But it has happened before in Florida. In the 1992 cycle, candidates filed to run for seats under the old map because courts had not yet cleared some of the boundaries of the new map. After courts signed off on the new map, candidates refiled to run within the newly established district boundaries, just before the primary.
Several decades ago, lawmakers had another solution for redistricting problems. They created at-large Congressional districts for Members to run in — sometimes in some of the most populous states in the country. But the Supreme Court ruling in the 1960s and a 1967 law ended that practice.
Even if next year’s election calendar isn’t disrupted by protracted court battles, there’s still a chance that some state legislatures could try to revise their maps for 2014 or beyond.
Laws vary by state as to whether state legislators can redraw district boundaries mid-decade.
That’s what happened in 2005, when Georgia Republicans redrew the Congressional map put in place by Democrats in 2002.
“If the state constitution is silent on Congressional redistricting, there’s no impediment for the state to revisit redistricting later in the decade,” redistricting attorney Jeff Wice said.
Georgia and Texas are not the only states to attempt a mid-decade map re-draw.
North Carolina lawmakers altered their Congressional boundaries twice in the 1990s as they went back and forth with the courts over a fair map.
And after courts drew the South Carolina maps for 2002, state lawmakers made minor tweaks to the maps for the 2004 cycle.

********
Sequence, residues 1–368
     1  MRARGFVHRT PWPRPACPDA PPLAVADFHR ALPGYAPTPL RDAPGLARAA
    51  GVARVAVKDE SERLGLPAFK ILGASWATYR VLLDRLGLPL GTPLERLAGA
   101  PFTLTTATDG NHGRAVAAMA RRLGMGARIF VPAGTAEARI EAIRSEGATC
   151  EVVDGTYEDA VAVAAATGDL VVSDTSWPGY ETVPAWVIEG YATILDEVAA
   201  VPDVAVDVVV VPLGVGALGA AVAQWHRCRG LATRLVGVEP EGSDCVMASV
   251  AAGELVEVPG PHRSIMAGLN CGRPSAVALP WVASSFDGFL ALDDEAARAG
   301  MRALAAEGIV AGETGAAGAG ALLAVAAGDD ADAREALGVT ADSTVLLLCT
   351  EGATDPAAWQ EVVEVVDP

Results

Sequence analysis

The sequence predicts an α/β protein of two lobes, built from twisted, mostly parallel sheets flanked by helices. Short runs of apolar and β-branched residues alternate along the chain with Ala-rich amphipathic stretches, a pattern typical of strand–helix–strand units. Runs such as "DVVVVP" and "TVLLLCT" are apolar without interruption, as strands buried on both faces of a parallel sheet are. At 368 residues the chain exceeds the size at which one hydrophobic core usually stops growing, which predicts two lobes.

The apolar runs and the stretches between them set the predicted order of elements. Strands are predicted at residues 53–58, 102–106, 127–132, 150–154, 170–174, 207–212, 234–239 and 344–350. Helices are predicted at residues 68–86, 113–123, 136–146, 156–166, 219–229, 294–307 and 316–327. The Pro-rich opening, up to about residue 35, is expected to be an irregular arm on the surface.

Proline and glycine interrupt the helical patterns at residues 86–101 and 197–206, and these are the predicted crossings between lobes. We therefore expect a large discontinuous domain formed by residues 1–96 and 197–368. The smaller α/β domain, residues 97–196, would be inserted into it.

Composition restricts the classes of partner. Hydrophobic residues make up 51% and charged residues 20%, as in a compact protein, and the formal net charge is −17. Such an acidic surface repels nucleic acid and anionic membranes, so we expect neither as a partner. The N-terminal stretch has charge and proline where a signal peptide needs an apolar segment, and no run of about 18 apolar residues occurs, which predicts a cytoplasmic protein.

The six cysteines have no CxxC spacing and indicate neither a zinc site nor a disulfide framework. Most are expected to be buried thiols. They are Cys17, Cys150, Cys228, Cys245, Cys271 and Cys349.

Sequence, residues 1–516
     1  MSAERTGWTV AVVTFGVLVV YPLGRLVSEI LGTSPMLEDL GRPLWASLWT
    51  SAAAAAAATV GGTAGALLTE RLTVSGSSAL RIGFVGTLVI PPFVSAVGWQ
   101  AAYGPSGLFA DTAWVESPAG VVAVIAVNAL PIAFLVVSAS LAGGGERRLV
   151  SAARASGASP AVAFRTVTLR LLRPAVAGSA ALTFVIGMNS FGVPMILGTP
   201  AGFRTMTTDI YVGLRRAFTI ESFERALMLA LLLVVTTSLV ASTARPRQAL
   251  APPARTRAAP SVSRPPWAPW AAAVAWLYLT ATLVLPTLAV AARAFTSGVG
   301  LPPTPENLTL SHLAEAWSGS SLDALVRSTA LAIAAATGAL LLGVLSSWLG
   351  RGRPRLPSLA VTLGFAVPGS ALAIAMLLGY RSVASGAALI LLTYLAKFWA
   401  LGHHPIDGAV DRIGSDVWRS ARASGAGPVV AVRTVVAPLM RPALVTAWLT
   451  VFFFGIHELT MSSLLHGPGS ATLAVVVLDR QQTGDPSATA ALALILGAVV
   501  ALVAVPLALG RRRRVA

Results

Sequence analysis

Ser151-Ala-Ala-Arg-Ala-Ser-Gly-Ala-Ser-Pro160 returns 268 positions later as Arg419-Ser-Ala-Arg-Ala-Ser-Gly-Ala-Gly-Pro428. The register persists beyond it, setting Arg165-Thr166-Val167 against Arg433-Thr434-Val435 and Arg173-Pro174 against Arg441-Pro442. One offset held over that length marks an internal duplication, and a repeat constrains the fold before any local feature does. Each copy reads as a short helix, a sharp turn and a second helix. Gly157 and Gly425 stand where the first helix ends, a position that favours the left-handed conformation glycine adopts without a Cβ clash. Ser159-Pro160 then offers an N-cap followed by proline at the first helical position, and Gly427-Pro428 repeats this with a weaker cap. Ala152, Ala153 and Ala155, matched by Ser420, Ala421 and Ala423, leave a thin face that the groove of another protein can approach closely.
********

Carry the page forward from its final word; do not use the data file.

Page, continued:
Michael McDonald, a professor at George Mason University and an expert on what he calls “re-redistricting,” believes New York and Virginia are ripe for “do-over” Congressional maps in a couple of years.
“Both have divided state government, state legislatures, and neither appeared to be able to produce a Congressional plan,” McDonald said. “The other factor is that after the next elections, it may be that those states will have unified state government. That’s the framework you need in order to have a re-redistricting: a change in control of the redistricting process through an election.”
Lawmakers have not even released draft maps in New York, but the process will be contentious with Republicans in control of the state Senate and Democrats in charge of the House and governor’s office.
But there’s a good chance Democrats will take control of the state Senate in 2012, putting the party in a strong position to redraw the Congressional map for the next cycle.
Virginia lawmakers have already reached a redistricting stalemate with Republicans in control of the state House and the governor’s mansion and Democrats in control of the state Senate. There’s a good chance that Republicans will take control of the Senate in either 2011 or 2013 and, in the latter case, could put the GOP in a strong position to draw a new map for that cycle.
Meanwhile, the redistricting process has already landed the Congressional maps from Minnesota, Nevada and Colorado in court. It’s anyone’s guess how long litigation in those states could drag on.
“I would assume that what would happen is there would be a plan that would be adopted,” said Mark Gersh, a Democratic redistricting expert with NCEC Services. “The question is whether some legal proceeding would go beyond this.”
Former Sen. Scott Brown, R-Mass., candidate for U.S. Senate in New Hampshire, holds his hand over his heart during the singing of the national anthem as he waits to take the stage for his town hall campaign rally with Sen. John McCain at the Pinkerton Academy in Derry, N.H., on Monday, Aug. 18, 2014.